Worst Case Scenario: A Look Inside an Anxious Mind
The driver reaches out a hand to steady me as I stand up. I’m on a tiny boat that’s just left the beach of a tiny Malaysian island. We’ve come out into the ocean to meet a group of jet ski riders. We’ve come so a bunch of tourists can step out of our comfort zones.
I stand at the back of the boat while a local tries to guide his jet ski to me so I can climb on. The boat driver checks the clips on my life jacket while we wait, seemingly unconcerned that it’s several sizes too big.
At least my tour guide, waiting on the island, knows where I am. If I don’t come back, if something happens, he’ll know. He knows where I am. He’ll send for help. He’s got my back.
The jet ski rider finally bumps the jet ski against the side of the boat and I climb on behind him. I wrap my arms around his waist, fighting the instinct to squeeze. We wait while the other passengers on the boat climb onto the other jet skis and then watch the boat glide away. I lose the fight and hold on tight.
One by one the other jet skis and their passengers roar away. They leave wisps of white in their wake, making our stationary jet ski bob up and down. Then the ocean around us smooths itself. Excitement bubbles up inside me. I want us to roar away too, to slide along the surface of the water.
But our jet ski won’t start. The rider in front of me pulls on the handlebars and fiddles with the key. It’s attached to a long plastic cord tied to his wrist. Nothing happens. My mouth is dry. My eyes sting.
The rider taps my hands. I loosen my grip but he taps me again. I let go of him completely, scooting backwards a little in the seat.
He swings a leg over so he’s sitting on the jet ski sideways. Then he stands up and steps into the water. The key is pulled out of the ignition as the water consumes him.
I wait, watching the water. It moves gently beneath me. I lean over, searching each side. But I can’t see the rider. I can’t see anything.
My constant travel companion, anxiety, raises its head.
I’ve often been told I’m a wet blanket, a spoil sport, a party pooper. I see the glass as half-empty and I focus on the negatives. I don’t look on the bright side or see the silver lining.
I’ve yet to find the words to explain to these people that I’m not just dragging morale down, that some of us prone to anxiety need to face the worst case scenario head on so we can survive the mere thought of its possibility.
When something starts to go wrong, my mind jumps straight to the worst case scenario.
I’m sitting there bobbing gently on the water, with no other jet skis and no boats in sight, with no rider, and a million questions race through my head like a person flicking through a deck of cards.
What if the rider doesn’t resurface? Should I get into the water and look for him? What if I make it worse for him? What if I can’t find him? What if the boat and other jet skis don’t come back this way? What if the meeting spot at the end of our session is in a different location? What if they don’t notice we’re missing? What if my guide doesn’t notice for hours? What should I do?
The panic freezes me. Even if I was a strong swimmer, I wouldn’t have been able to get in the water to look for the rider.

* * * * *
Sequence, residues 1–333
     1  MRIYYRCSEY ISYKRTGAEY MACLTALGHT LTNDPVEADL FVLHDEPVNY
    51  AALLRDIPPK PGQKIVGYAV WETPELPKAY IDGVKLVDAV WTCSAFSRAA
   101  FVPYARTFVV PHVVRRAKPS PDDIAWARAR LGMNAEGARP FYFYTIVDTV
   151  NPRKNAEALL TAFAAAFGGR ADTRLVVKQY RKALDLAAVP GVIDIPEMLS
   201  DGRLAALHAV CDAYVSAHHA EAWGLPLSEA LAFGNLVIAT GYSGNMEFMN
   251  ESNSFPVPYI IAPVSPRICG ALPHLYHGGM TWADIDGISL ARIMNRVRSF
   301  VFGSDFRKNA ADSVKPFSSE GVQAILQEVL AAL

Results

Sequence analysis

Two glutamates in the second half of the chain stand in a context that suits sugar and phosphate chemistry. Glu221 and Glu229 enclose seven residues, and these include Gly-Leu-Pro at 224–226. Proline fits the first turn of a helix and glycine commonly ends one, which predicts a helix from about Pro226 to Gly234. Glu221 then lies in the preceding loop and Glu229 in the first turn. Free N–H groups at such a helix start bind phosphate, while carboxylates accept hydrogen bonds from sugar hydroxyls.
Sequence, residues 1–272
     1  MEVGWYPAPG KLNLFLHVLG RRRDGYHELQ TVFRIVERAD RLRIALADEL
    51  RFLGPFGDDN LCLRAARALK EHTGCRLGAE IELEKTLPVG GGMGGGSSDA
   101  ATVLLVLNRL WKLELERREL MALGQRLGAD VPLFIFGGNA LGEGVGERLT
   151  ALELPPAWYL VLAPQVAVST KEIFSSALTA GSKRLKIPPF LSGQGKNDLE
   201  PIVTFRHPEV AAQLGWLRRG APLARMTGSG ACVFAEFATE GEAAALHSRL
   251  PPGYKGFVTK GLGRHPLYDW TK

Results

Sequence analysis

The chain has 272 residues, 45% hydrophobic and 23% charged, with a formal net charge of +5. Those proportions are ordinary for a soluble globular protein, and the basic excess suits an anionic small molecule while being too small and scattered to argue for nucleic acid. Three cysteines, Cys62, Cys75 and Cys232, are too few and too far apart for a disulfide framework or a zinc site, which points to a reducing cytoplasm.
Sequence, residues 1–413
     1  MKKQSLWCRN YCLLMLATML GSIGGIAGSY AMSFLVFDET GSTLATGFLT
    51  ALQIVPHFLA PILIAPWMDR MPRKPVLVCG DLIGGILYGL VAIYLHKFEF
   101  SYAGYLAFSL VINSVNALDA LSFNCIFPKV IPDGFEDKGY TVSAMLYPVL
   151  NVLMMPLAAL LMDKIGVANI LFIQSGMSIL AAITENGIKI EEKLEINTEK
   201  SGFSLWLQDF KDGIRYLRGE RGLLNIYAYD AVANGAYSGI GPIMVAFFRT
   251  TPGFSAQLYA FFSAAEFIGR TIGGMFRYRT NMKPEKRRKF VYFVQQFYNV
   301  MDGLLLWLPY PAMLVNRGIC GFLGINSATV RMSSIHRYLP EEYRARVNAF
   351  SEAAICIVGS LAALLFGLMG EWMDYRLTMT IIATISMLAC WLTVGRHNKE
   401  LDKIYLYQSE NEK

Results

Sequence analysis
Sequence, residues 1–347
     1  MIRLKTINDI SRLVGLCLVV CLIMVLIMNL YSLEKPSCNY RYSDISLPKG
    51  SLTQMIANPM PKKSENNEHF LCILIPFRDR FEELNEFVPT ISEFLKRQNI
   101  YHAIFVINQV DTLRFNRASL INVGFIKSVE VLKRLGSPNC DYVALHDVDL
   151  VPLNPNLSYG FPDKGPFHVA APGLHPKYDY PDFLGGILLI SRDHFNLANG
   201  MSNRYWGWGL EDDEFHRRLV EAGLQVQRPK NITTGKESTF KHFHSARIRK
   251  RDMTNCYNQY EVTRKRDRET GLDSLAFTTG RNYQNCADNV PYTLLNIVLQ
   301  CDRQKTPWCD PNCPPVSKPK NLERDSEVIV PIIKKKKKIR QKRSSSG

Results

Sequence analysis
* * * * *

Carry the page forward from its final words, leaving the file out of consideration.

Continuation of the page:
So I look around, take a deep breath, and come up with a plan.
These are various tiny islands scattered along the horizon all around me. If the rider doesn’t resurface and I jump in and can’t see him, I can wait a while to see if the boat and other jet skis return. If they don’t, I can head for an island. I can use the jet ski as a boat, use my arms as paddles. And if it doesn’t work, I can resort to swimming the distance. I just need to make it to land before nightfall.
As the plan takes root in my mind, I can feel the anxiety start to evaporate off me, unlocking my muscles. My eyes stop stinging. I can breathe easier.
I stand up, preparing myself to step into the water after the rider. I have no idea how long he’s been down there, I have no idea how long I was stuck in my head. But at least I have a plan now.
But before I can actually get in the water, the rider’s head pops up. Relief oozes through me, making my muscles feel like jelly. I sit back down and the rider climbs back up to sit in front of me.
He presses the key into the ignition and the jet ski roars. He taps on my arms so I wrap them around him and hold tightly. He pulls on the handlebars and we jump forward.
The rider glides us around in circles, bumps along waves, leans us into the wind.
I realise I’m laughing. This is like flying, flying on top of the water. The wind and the spray wash the last dregs of anxiety away. I am so glad I said yes to this activity.
The rider brings the jet ski to a stop and twists around to face me. He gestures to the handlebars and stands up. He gestures again.
I scoot forward and wrap my hands around the handlebars. I’ve never done this before, what if I screw up? The rider sits behind me and presses the key to the ignition, stretching the cord around me. That makes me feel better; if he falls off the jet ski’s key will go with him, so it’ll stop. I won’t just get lost off on my own.
The rider wraps his arms around me and I pull on the handlebars.
We soar along the surface, dipping close to the water when I turn too tight, bouncing on top of waves when I hit them at funny angles. I have never felt so alive, nor have I ever felt so grateful for my back up plans when it feels like something going is wrong—big or small. If I hadn’t already prepared for the worst-case scenario, I wouldn’t have been able to manage my anxiety and give this brand new thing a go.